Dogs actually develop a lot of the same diseases that we humans do, making them valuable subjects for research.

Hold on now, don’t freak – we’re not talking lab rat experiments here. No scalpels or cages! What’s so cool about this research is it’s being conducted using saliva samples for DNA testing and behavioral observation.

The University of Massachusettes Medical School is launching a study of canine genetics, behavior and personality. Interestingly named Darwin’s Dogs, the team is attempting to answer important questions about human conditions like obsessive-compulsive disorder and autism. Somehow I wouldn’t have imagined that. Seems Dobermans are known for “canine compulsive disorder” that’s similar to OCD in humans!

When we at Vital Planet talk to people about the value of ongoing maintenance of the health of their dogs rather than waiting for nasty disease to show up, I always remind them that dogs are essentially like us. They have the same endocrine system, the same organs, a skeletal system, a nervous system. One major difference is that they have a shorter digestive tract and longer teeth, which impacts their food requirements of course. However, the similarities far outweigh the differences.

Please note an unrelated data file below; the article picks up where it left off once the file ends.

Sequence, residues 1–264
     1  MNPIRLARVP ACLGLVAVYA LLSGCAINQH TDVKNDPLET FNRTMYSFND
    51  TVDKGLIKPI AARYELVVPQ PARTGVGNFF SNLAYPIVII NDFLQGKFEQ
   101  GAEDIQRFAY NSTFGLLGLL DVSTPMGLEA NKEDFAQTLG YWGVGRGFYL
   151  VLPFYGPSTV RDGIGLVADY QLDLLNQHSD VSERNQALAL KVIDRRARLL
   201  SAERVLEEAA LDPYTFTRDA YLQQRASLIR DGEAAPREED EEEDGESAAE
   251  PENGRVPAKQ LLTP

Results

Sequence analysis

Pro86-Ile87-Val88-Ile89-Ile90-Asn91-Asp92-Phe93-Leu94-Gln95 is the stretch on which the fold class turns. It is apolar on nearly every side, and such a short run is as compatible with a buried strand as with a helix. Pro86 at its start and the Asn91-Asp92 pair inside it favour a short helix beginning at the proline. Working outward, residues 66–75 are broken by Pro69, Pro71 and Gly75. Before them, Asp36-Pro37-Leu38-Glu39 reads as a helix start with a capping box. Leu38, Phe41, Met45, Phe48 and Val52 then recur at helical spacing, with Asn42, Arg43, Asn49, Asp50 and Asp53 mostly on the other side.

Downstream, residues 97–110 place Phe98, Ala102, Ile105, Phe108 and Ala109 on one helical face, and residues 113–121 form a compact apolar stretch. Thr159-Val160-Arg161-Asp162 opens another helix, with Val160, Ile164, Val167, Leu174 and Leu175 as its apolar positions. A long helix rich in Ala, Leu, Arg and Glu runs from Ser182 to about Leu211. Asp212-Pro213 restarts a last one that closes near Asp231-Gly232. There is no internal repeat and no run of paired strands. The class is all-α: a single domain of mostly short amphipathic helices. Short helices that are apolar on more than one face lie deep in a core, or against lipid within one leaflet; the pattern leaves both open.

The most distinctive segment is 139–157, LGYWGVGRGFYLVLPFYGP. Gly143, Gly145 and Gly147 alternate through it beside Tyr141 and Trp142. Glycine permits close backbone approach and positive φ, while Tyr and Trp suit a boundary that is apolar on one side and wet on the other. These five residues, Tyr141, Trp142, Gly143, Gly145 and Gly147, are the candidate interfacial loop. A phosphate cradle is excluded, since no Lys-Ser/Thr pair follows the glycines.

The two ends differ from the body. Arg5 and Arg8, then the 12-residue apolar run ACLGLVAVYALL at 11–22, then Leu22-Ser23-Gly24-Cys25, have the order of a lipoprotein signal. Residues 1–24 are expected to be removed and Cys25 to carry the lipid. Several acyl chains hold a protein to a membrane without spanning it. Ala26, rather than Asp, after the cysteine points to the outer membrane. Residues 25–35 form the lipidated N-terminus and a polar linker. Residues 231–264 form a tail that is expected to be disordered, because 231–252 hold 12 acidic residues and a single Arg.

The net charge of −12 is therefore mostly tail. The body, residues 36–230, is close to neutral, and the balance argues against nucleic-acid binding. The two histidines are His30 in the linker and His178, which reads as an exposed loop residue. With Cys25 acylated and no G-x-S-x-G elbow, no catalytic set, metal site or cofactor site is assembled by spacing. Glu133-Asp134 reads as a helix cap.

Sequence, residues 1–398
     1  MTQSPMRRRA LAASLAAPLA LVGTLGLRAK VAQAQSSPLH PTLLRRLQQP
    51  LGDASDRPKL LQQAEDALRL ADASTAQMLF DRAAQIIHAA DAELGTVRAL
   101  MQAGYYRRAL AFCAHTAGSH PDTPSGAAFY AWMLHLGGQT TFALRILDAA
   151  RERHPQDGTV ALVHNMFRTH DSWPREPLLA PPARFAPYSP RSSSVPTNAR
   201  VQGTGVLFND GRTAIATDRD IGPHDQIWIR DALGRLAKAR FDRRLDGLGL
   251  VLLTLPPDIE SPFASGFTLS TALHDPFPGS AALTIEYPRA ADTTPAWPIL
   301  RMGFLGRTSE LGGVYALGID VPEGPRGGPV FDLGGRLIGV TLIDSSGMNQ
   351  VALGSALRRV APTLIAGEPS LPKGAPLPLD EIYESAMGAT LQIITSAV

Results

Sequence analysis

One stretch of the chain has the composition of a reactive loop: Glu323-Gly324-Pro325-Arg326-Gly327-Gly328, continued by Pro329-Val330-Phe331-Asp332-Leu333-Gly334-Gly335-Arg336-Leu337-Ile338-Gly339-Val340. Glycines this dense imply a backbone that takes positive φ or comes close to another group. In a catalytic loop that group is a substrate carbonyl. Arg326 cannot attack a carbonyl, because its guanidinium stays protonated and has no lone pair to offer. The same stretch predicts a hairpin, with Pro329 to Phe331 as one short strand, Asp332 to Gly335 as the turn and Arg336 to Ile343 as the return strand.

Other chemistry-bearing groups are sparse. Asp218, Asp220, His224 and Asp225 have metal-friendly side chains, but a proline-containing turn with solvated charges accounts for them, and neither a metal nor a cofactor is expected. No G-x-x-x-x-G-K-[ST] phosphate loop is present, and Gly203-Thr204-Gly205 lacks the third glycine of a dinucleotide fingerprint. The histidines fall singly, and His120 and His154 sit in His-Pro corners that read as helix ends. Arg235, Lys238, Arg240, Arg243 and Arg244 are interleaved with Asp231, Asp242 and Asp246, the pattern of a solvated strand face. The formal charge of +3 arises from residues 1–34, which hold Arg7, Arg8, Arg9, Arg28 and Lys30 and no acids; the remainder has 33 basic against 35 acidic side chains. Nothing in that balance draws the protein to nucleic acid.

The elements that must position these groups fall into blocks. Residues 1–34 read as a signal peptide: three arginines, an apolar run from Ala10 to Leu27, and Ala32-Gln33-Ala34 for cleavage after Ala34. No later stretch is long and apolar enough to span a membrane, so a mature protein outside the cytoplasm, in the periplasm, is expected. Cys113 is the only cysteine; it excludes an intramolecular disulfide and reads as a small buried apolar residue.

In this article I enjoyed learning that a dog’s DNA is so close to ours that they can be our best friends in even more ways than ever. For example, recent research on osteosarcoma, the most common type of bone cancer in children and frequently found in dogs showed that the composition of the tumors in children compared to those in dogs was virtually indistinguishable. Collecting more specimens from dogs could result in positive progress in understanding the etiology of this heartbreaking disease process.

One of our Vital Planet products, Daily Detox, is designed to support healthy functioning of a dog’s liver. Along with probiotics, the liver is our front line defense against our poisonous environment. If you think about it, dogs are even more toxic than we are. They’re smaller and closer to the ground. They are exposed to the same pollutants in their environments as we are, at closer range in some cases. Studies have been done clearly showing their increased toxic levels. This comparison information can allow us to better understand the impact that these toxins are having on humans on a day-to-day basis.